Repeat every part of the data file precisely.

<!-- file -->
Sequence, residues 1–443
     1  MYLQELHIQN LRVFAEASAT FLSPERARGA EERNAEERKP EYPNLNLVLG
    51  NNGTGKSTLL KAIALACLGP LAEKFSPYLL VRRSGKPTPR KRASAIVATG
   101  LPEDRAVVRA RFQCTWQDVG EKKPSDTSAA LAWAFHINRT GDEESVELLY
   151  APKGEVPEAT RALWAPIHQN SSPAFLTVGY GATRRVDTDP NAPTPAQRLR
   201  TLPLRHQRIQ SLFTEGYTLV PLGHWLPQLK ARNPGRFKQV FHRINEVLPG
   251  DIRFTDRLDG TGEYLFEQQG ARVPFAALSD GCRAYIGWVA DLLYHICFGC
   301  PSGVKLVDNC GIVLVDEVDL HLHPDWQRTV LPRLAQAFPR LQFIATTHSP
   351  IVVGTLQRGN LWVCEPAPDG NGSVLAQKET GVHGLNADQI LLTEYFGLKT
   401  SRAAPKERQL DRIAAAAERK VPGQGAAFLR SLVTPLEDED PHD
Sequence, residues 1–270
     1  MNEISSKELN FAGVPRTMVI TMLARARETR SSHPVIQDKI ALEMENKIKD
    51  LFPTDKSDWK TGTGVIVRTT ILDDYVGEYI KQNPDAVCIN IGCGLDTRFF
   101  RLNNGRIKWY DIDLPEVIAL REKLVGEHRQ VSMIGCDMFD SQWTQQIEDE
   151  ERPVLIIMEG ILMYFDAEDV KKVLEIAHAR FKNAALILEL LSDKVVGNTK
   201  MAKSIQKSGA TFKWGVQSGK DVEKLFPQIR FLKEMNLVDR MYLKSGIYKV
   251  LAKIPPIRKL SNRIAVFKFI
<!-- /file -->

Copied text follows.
Sequence, residues 1–443
     1  MYLQELHIQN LRVFAEASAT FLSPERARGA EERNAEERKP EYPNLNLVLG
    51  NNGTGKSTLL KAIALACLGP LAEKFSPYLL VRRSGKPTPR KRASAIVATG
   101  LPEDRAVVRA RFQCTWQDVG EKKPSDTSAA LAWAFHINRT GDEESVELLY
   151  APKGEVPEAT RALWAPIHQN SSPAFLTVGY GATRRVDTDP NAPTPAQRLR
   201  TLPLRHQRIQ SLFTEGYTLV PLGHWLPQLK ARNPGRFKQV FHRINEVLPG
   251  DIRFTDRLDG TGEYLFEQQG ARVPFAALSD GCRAYIGWVA DLLYHICFGC
   301  PSGVKLVDNC GIVLVDEVDL HLHPDWQRTV LPRLAQAFPR LQFIATTHSP
   351  IVVGTLQRGN LWVCEPAPDG NGSVLAQKET GVHGLNADQI LLTEYFGLKT
   401  SRAAPKERQL DRIAAAAERK VPGQGAAFLR SLVTPLEDED PHD
Sequence, residues 1–270
     1  MNEISSKELN FAGVPRTMVI TMLARARETR SSHPVIQDKI ALEMENKIKD
    51  LFPTDKSDWK TGTGVIVRTT ILDDYVGEYI KQNPDAVCIN IGCGLDTRFF
   101  RLNNGRIKWY DIDLPEVIAL REKLVGEHRQ VSMIGCDMFD SQWTQQIEDE
   151  ERPVLIIMEG ILMYFDAEDV KKVLEIAHAR FKNAALILEL LSDKVVGNTK
   201  MAKSIQKSGA TFKWGVQSGK DVEKLFPQIR FLKEMNLVDR MYLKSGIYKV
   251  LAKIPPIRKL SNRIAVFKFI